ESWATINI GOVERNMENT SAYS THEY WON'T TAKE SIDES IN ISRAEL AND PALESTINE CONFLICT
Government spokesperson Alpheous Nxumalo has indicated that they will not take sides in the conflict in Gaza but would rather align themselves with the historic position of SADC, the AU and the UN.
In an interview with The Bridge, Nxumallo refused to condemn Israel's attack on Gaza leading to mass demonstrations the world over where ordinary people are condemning the state of Israel for atrocities committed in Gaza. The decades long conflict took off again after a surprise attack by Hamas on Israel leading to a retaliatory attack that has bordered on Genocide for Palestinians living in the occupied territories of Gaza.
Many countries in the world have given their own views on the conflict in the Middle East. In Africa, the government of Kenya has condemned what it called acts of terrorism and extremism by Hamas. While Kenya President William Ruto has denounced the ongoing Israel-Palestine conlfict the government of South Africa has openly stood with Palestine.
The eSwatini government has instead opted to remain neutral and refused to use harsh words to condemn any of the warring parties. Nxumalo told The Bridge that in conflict situations it is not proper to use aggressive language hence, it will align itself with the position of SADC, AU and the UN on how to end the conflict in the Middle East and get please in the region.
Government spokesperson Alpheous Nxumalo
He refused to be drawn on what exact position they align with from these regional, continental and global bodies preferring to say that they remain neutral. On October 7, 2023, the Chairperson of the Commission of the African Union, Moussa Faki Mahamat, expressed his concern at the outbreak of the current Israeli-Palestinian hostilities and called for peace in the region.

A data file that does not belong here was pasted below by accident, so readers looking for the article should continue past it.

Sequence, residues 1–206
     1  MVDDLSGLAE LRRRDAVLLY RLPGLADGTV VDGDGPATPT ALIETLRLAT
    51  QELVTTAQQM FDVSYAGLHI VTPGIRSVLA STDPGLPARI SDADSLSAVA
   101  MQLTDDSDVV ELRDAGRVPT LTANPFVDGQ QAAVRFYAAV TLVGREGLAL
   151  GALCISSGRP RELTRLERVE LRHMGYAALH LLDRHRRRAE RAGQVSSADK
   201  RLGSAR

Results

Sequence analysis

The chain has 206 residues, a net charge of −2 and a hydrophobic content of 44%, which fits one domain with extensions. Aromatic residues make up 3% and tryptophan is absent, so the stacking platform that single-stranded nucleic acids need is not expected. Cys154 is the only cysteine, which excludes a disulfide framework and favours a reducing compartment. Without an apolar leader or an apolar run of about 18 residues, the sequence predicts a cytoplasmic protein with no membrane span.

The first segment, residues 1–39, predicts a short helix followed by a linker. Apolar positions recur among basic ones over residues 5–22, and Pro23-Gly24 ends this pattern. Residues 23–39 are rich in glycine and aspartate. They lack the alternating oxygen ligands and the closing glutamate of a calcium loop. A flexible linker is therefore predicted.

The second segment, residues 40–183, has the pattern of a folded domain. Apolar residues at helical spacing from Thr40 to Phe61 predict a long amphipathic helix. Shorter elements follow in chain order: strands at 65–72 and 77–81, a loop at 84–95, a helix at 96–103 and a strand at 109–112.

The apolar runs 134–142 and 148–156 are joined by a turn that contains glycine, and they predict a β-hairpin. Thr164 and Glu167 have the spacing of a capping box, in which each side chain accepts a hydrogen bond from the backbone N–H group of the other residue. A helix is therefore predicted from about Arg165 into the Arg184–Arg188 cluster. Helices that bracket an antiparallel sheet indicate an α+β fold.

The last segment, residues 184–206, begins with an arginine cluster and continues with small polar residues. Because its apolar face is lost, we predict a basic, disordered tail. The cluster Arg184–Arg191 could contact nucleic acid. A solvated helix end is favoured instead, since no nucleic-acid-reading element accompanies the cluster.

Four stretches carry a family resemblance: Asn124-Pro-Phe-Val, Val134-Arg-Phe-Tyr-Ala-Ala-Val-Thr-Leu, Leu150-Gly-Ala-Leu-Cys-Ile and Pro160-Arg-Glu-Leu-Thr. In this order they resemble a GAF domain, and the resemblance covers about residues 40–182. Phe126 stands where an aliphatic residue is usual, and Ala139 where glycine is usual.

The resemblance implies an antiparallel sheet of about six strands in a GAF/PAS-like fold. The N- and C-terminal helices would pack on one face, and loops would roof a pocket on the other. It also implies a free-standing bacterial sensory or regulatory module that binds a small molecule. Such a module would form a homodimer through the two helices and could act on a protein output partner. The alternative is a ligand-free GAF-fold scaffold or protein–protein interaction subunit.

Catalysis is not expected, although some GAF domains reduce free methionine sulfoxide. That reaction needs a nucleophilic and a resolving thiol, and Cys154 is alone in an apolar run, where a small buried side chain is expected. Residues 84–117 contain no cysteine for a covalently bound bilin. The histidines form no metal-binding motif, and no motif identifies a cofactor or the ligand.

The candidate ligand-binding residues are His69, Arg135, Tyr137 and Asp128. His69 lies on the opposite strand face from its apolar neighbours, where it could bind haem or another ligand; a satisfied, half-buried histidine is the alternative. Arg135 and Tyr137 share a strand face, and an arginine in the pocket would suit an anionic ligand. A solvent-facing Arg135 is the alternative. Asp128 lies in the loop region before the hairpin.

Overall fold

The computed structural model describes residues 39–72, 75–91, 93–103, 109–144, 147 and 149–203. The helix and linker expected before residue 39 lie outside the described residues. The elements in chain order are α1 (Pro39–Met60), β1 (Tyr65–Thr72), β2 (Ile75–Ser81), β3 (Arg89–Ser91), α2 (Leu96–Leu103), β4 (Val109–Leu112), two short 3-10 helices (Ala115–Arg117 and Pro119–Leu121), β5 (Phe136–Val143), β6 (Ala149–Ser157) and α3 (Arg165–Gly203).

Mahamat was unequivocal that the denial of the fundamental rights of the Palestinian people, particularly that of an independent and sovereign State, was the main cause of the permanent Israeli-Palestinian tension. There are only 14 Jewish families in eSwatini totaling around 50 people, as recently reported as 2019.
The Jewish presence in eSwatini dates back to the Second World War when Holocaust survivors who were turned away by South Africa came to settle in the country. Many of the Jewish immigrants of the post-war era intermarried with the indigenous population and, as a result, many Swazis today have Jewish surnames – including a former Cabinet minister.
Natan Gamedze, a member of the royal line and grandson of the King of Swaziland, converted to Judaism in 1991 and is currently an Orthodox rabbi. More recently, Jewish citizen Stanley Sapire served as the Chief Justice of the Swazi Court of Appeal. The county´s progressive parties have all condemned Israel and pledged solidarity with Palestine.